Lady Antebellum Sued by Original Lady A Amid Row Over Name Change

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Charles Kelley, Dave Haywood, and Hillary Scott have been slapped with a lawsuit by blues singer Anita White for trademark infringement amid debacle over their new moniker.


Blues singer Anita White is suing country band Lady Antebellum for trademark infringement after they changed their name.

The “Need You Now” hitmakers decided to shorten the group name to Lady A earlier this summer (20), after acknowledging the ‘Antebellum’ of their former moniker was too closely linked to Southern U.S. culture, when slavery was legal.

However, Washington-based musician White was left unimpressed with the switch as she has been performing as Lady A for decades, and the dispute then turned nasty, with bandmates Charles Kelley, Dave Haywood, and Hillary Scott taking the 62 year old to court for her “attempt to enforce purported trademarks rights.”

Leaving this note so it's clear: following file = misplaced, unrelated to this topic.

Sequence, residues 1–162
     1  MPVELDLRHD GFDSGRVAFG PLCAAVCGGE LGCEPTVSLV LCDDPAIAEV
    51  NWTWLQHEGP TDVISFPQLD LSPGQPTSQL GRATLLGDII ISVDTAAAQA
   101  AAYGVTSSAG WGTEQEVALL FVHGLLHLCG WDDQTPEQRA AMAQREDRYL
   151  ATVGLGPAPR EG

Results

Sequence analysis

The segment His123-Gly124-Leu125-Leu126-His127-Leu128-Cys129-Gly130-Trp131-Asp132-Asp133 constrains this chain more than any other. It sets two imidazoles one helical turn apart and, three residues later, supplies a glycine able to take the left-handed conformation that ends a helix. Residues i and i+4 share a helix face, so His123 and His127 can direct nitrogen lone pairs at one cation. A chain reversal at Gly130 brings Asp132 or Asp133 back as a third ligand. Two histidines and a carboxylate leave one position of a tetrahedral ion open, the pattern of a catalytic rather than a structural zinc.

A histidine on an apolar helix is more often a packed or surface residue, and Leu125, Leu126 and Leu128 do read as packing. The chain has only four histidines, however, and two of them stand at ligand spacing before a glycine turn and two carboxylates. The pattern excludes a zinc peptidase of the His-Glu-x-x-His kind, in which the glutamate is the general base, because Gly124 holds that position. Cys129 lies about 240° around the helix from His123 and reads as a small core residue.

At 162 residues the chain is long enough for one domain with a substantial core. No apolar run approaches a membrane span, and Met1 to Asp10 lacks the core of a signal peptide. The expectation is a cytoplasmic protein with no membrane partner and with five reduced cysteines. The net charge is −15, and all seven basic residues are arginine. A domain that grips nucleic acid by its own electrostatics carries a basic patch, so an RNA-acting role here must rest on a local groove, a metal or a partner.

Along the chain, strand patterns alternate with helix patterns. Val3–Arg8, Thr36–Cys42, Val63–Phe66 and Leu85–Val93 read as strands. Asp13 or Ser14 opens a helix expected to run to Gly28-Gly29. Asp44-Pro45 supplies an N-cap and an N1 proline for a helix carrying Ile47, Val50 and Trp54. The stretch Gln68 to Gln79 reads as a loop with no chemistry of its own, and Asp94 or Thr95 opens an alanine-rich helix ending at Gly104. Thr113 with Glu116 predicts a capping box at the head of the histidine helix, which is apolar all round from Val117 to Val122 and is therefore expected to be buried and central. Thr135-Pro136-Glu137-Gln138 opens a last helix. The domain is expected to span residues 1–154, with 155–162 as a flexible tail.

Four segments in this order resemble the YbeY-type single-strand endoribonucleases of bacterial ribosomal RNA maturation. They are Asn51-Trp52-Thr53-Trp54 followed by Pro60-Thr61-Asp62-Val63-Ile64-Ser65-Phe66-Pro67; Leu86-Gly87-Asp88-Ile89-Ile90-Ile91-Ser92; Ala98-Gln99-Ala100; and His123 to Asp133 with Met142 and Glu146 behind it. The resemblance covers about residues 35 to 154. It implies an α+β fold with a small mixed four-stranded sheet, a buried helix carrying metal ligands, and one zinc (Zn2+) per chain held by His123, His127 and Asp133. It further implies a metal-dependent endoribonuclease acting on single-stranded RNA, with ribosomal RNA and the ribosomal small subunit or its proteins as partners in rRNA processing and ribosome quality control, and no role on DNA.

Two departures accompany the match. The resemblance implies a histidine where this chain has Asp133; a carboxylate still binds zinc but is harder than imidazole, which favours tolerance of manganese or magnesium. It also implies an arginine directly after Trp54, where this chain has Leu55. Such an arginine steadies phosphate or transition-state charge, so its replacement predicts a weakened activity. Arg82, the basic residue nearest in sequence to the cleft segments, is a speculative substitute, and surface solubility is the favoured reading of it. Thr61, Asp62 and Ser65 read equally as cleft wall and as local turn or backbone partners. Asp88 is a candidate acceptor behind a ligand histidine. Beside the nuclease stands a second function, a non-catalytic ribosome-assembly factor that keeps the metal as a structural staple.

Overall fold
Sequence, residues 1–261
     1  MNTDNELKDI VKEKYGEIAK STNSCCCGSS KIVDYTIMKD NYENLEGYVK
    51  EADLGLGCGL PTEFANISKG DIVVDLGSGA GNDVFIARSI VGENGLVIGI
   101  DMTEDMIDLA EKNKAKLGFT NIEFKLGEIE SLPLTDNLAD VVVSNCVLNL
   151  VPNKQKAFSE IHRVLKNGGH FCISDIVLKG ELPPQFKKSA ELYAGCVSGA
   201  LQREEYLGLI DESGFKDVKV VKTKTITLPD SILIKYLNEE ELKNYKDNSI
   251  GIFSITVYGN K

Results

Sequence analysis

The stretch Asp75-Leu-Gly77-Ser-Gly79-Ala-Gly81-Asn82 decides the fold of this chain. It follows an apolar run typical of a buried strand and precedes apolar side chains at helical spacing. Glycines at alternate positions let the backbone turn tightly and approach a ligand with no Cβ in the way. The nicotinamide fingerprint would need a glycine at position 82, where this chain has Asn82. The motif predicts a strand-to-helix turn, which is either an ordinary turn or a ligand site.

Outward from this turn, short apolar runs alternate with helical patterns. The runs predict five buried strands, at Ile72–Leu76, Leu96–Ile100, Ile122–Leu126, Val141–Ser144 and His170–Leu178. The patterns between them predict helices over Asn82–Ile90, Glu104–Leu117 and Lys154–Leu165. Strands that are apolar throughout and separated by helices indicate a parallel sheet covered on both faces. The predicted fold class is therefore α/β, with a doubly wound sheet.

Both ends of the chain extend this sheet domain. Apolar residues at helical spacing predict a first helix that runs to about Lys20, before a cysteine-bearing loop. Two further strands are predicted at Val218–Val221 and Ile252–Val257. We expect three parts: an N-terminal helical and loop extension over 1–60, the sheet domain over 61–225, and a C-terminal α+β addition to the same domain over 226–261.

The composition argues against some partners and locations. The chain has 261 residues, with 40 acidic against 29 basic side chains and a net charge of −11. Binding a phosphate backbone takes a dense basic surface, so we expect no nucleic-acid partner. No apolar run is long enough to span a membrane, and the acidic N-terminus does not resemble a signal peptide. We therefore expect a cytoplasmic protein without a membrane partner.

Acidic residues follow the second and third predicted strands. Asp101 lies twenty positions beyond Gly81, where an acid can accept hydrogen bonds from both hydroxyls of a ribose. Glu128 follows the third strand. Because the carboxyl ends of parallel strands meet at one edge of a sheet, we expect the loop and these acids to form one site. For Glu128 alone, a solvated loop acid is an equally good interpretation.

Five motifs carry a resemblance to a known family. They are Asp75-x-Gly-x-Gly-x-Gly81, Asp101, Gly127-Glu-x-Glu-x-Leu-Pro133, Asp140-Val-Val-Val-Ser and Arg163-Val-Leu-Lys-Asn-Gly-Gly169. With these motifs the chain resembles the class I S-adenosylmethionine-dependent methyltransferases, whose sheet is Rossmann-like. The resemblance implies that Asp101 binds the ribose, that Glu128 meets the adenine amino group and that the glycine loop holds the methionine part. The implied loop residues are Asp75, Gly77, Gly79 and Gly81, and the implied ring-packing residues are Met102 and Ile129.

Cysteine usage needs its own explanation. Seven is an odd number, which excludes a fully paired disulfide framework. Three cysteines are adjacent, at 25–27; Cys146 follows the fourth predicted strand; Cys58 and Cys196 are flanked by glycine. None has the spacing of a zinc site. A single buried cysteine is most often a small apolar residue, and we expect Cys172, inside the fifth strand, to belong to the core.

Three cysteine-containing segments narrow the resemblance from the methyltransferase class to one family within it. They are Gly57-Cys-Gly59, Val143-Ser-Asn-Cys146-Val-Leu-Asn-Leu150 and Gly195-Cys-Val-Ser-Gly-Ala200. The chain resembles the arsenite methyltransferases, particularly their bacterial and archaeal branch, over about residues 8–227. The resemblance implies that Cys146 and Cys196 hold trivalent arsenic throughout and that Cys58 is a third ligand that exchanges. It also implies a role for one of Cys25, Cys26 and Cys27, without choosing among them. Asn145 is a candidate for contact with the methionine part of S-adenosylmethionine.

White has now hit back with a lawsuit of her own, with the legal papers stating, “Lady Antebellum’s decision to replace the name Lady Antebellum with Lady A was undertaken with wilful disregard of Ms. White’s rights in her Lady A trademark, which she has used for nearly thirty years.”

Adding that the trio has caused “tortious injury” to White with their name change, the documents continued to explain that while she and Lady A held a video conference to try and reach an agreement about the name, they were “unable to reach a resolution.”

Representatives for Lady A have yet to respond to the latest lawsuit.